Immigration Canada’s new program will help foreign workers in Revelstoke

Local lawyer says workplace abuse happens more than we think

At the end of May, Immigration Canada announced that migrant-workers with employer-specific work permits would be allowed to apply for an open work permit to escape an abusive situation.

“Every worker in Canada is entitled to a safe and healthy work environment where their rights are respected,” the news release said. “Some migrant workers with employer-specific work permits end up enduring mistreatment, fearful of workplace punishment, as well as fear of losing their job.”

Michelle Bowlen, a lawyer a Selkirk Law, will work for free with people applying for an open work permit in order to get away from workplace abuse. (Submitted)

Michelle Bowlen, a lawyer in Revelstoke, is offering free assistance to workers attempting to take advantage of the program.

What people really need to understand, Bowlen said, is that abuse isn’t necessarily just physical or verbal. The law in B.C. sets standards for payment, compensation and working conditions that are required of employers. If they are breaking any of these rules, it is considered an abusive situation.

“[The program] is a step in the right direction for people who are here on work permits and are in bad situations,” Bowlen said.

Though employers in Revelstoke are not currently allowed to bring in temporary foreign workers to work minimum wage jobs, Bowlen said that there are still workers brought into management positions. Adding that abusive situations “happen more than people think.”

READ MORE: Revelstoke labour shortage hits ‘crisis’ stage

And then there are the workers in town who are working under the table. Bowlen said she has heard stories about people working for a season, without being paid, because an employer promised to get Labour Market Impact Assessment paperwork filed. When it came time to submit the application, the employer demanded that the employee pay for the process.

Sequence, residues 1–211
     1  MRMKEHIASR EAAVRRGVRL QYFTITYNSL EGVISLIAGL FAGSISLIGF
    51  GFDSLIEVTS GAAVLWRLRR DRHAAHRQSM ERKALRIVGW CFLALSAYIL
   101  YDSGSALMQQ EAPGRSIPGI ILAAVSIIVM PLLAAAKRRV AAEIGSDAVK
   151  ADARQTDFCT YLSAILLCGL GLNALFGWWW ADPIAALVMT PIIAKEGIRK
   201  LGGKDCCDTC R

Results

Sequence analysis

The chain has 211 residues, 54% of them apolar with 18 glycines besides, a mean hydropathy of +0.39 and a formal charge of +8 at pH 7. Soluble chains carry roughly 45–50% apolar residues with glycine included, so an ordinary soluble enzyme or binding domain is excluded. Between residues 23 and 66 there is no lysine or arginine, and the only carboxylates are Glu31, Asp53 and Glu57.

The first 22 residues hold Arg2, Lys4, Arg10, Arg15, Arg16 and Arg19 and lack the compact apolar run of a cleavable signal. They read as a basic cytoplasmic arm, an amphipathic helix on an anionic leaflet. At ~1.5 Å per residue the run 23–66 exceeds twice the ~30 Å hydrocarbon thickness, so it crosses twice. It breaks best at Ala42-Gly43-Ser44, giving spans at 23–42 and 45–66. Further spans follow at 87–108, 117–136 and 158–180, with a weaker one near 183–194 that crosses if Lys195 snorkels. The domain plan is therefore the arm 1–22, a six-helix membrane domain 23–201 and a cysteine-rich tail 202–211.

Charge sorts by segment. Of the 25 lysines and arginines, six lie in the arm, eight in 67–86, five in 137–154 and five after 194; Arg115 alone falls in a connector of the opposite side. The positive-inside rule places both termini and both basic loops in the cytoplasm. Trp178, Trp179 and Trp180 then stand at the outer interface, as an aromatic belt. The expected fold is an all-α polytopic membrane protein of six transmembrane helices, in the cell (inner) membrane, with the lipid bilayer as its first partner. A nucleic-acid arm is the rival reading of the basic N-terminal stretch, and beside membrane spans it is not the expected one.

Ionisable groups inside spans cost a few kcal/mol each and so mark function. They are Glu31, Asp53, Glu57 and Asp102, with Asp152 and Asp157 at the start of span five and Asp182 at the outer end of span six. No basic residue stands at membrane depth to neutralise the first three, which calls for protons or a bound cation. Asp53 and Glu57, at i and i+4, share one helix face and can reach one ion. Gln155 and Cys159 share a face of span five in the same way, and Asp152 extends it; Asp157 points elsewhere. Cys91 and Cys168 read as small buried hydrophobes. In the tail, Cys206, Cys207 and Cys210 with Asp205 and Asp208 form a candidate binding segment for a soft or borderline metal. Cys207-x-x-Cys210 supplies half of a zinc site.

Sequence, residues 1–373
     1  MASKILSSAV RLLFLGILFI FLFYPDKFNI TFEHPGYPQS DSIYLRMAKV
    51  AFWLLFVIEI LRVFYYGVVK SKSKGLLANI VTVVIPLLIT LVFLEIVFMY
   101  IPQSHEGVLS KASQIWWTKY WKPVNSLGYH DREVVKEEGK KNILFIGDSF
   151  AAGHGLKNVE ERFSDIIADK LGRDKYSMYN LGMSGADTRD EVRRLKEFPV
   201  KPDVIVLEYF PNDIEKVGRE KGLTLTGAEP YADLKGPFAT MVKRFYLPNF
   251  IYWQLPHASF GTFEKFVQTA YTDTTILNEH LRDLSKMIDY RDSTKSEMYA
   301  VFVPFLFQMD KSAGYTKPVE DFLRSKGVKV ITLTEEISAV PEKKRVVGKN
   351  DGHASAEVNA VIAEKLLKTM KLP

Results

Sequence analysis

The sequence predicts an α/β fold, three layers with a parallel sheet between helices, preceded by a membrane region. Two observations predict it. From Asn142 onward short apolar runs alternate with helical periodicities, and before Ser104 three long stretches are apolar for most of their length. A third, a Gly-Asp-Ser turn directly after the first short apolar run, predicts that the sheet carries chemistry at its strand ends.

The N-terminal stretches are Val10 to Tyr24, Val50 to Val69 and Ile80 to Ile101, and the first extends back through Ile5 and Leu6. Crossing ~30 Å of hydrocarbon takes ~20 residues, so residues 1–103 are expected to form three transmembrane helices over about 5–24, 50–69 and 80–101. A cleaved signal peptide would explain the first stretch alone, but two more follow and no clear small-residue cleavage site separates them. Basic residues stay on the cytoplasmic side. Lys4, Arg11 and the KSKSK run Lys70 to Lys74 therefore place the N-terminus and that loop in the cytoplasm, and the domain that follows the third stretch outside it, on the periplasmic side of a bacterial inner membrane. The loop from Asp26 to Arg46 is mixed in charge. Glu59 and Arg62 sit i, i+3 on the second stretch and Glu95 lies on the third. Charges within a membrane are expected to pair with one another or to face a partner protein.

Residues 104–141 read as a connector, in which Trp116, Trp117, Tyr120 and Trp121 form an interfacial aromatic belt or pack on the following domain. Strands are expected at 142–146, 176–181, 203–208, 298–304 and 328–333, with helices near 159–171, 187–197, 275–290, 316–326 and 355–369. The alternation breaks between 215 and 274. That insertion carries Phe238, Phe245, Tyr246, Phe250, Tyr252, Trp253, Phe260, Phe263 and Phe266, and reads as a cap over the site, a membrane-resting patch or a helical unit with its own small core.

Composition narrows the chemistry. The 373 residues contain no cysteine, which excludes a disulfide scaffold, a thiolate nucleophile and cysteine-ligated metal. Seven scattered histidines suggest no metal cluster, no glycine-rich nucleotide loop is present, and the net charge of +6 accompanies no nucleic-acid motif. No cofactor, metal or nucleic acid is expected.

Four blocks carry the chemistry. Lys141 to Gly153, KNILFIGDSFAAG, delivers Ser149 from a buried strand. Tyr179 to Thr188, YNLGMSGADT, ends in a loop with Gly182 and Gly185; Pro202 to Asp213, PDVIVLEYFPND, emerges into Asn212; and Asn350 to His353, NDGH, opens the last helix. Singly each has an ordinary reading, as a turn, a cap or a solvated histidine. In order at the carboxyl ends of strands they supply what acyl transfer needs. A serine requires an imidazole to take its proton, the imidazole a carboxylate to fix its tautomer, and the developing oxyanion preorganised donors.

“It’s actually illegal under that program to charge the workers for any portion of that program,” Bowlen said.

Unfortunately, it is these situations that Bowlin hears about most often and there is nothing she, or the employee can do.

It’s hard for everyone, Bowlen said. Employers can’t bring in workers to fill positions and they get desperate and hire people under the table and there are people desperate for work and willing to get paid without a proper permit.

“That is the problem with the system,” Bowlen said.

READ MORE: OC and UBC Okanagan research how to better support migrant workers in B.C.

At the same time, the workplace abuse program Immigration Canada announced that newcomers experiencing family violence will also be able to apply for temporary resident permit that will give them legal immigration status in Canada, which includes a work permit and health-care coverage.

“Nobody should have to stay in an abusive situation,” the news release read. “Some individuals fear jeopardizing their immigration status more than an abusive spouse or partner.”

Bowlen also works with local families utilizing this program.

To file a complaint about an employer in B.C. go to esb-complaintsubmittion.labour.gov.bc.ca/declaration.aspx

If you are a temporary foreign worker and wish to file a complaint go to canada.ca/en/employment-social-development/services/foreign-workers/fraud/report-online-fraud.html


 

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jocelyn.doll@revelstokereview.com

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